On 15 May, the day I arrived in Australia to begin work at the Lowy Institute, Prime Minister Tony Abbott was dousing a media bushfire. The spark was the apparent revelation by US Assistant Secretary of Defense David Shear that US B-1 bombers and surveillance aircraft were to be based on Australian soil; Shear had apparently framed this decision around China's behaviour in the South China Sea.

Mr Shear's 'mis-spoken' testimony to a Senate Committee was quickly retracted and the written record contains no reference to specific US aircraft in Australia, only to 'enhanced access for US forces'.

That the Prime Minister felt compelled to intervene on such a detail struck me then as an interesting straw in the wind. Yet, delivered from the incongruous surrounds of a pre-school sandpit in Sydney, it hardly felt like an inflection point in the ANZUS alliance. Now I'm beginning to wonder, at least when it comes to the public debate.

Within three short weeks of that fleeting controversy, as Australian policymakers have mulled over whether to support the US in asserting freedom of navigation in the South China Sea, a veritable sceptics chorus (eg. Sam Bateman, Geoff Miller and Hugh White) has cautioned from the sidelines against active Australian involvement there.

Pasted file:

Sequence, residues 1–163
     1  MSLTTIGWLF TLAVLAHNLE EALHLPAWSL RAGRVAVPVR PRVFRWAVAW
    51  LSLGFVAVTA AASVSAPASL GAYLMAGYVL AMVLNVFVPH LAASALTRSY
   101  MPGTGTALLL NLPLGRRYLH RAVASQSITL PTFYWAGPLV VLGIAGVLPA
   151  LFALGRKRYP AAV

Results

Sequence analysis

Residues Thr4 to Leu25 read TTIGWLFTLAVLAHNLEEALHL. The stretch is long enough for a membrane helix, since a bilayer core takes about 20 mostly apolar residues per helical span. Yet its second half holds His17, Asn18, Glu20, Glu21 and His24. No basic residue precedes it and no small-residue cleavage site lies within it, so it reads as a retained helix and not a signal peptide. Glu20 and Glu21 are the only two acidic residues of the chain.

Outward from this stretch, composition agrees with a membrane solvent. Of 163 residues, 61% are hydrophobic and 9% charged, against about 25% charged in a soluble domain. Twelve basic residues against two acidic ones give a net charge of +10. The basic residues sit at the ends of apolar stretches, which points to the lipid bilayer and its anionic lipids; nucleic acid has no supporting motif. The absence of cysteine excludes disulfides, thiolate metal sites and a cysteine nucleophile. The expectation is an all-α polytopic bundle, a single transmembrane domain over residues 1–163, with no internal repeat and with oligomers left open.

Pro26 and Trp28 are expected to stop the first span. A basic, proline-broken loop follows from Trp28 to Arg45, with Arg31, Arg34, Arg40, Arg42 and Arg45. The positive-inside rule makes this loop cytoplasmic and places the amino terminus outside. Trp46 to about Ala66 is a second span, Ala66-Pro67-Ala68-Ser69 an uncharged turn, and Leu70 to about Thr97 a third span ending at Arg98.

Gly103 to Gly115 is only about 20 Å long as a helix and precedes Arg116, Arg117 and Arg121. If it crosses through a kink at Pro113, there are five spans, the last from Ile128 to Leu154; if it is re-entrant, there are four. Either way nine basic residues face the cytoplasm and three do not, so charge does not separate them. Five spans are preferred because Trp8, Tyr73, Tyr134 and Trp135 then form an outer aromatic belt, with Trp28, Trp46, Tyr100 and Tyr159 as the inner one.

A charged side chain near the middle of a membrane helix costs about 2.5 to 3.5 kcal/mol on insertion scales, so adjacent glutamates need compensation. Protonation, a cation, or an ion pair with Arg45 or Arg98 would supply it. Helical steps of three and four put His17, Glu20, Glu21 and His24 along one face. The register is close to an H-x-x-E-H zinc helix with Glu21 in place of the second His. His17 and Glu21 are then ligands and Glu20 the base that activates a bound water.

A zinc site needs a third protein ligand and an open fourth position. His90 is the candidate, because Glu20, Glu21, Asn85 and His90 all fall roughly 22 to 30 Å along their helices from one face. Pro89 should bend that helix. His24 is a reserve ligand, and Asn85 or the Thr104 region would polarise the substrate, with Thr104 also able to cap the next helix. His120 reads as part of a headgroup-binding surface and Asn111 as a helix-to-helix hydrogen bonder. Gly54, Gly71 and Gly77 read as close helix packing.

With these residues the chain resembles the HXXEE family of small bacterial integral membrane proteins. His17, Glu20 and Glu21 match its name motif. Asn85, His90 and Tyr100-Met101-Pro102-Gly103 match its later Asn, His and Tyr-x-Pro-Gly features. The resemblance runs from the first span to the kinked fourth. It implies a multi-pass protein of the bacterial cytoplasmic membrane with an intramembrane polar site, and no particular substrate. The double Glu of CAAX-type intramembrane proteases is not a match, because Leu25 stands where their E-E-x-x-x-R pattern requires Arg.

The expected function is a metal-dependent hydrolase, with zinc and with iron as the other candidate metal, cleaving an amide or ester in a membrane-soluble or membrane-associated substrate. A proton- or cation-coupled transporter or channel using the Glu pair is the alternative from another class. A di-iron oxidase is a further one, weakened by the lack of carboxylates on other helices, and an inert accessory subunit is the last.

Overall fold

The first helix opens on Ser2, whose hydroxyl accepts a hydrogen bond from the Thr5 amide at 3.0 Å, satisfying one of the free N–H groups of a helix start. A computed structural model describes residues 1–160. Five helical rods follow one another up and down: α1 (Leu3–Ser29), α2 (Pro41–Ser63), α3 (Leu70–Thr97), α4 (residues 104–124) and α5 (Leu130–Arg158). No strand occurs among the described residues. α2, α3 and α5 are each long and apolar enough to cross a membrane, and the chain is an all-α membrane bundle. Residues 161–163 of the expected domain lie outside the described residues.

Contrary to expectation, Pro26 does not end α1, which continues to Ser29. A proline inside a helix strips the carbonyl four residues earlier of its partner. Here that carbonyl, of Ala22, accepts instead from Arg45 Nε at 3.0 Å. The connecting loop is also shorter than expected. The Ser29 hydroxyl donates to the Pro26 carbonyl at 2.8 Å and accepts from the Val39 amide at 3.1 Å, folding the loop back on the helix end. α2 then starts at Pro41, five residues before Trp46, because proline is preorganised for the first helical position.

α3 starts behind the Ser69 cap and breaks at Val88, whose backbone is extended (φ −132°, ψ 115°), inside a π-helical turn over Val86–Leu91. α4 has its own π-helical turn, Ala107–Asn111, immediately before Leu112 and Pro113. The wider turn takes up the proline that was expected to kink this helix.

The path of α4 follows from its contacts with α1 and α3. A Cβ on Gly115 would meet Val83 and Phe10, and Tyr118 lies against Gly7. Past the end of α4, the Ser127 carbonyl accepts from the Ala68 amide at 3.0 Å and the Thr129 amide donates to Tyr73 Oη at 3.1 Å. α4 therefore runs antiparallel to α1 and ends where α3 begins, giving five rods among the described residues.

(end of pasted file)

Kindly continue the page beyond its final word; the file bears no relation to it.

This 'heated' public discourse has not gone unnoticed by Washington think tanks and reveals how quickly polarised the debate has become here as the US-China strategic dynamic weighs more specifically over the defence and security policy choices confronting Canberra.

I still think that framing the US-China relationship as an exclusive choice, while a useful proposition for stirring debate within Australia, presents a false binary. In regard to the South China Sea, I've argued in the Australian Financial Review that Canberra can and should aim to chart a course between avoiding tokenism within the alliance without being unduly provocative to China.

Cleaving a distinctively Australian middle road through these tricky Southeast Asian shoals could be enabled by the Five Power Defence Arrangements, a useful sub-treaty multilateral framework, though one so low-key and testosterone-lite that it is sometimes at risk of being forgotten altogether.

Nonetheless, both the B-1 bomber media furore and the ongoing 'freedom of navigation' debate in the South China Sea have between them demonstrated that Australia is now entering an era of more difficult choices, buffeted by the increasingly inclement Sino-US strategic weather. Opinion on the alliance with the US is arguably starting to divide more significantly than at any time since the 2003 invasion of Iraq.

If first impressions are anything to go by, beyond the threats posed by terrorism and radicalisation, Australia's debate on defence and security is still mainly an elite affair. However, that is likely to change as the challenges of US-China strategic competition become less abstract and more concrete. As this happens, establishing a viable centre ground in the debate around alliance issues will become more important, politically. In the dawning era of more awkward alliance choices, that middle ground is beginning to look a little uncertain.

Photo by Flickr user Dean Hochman.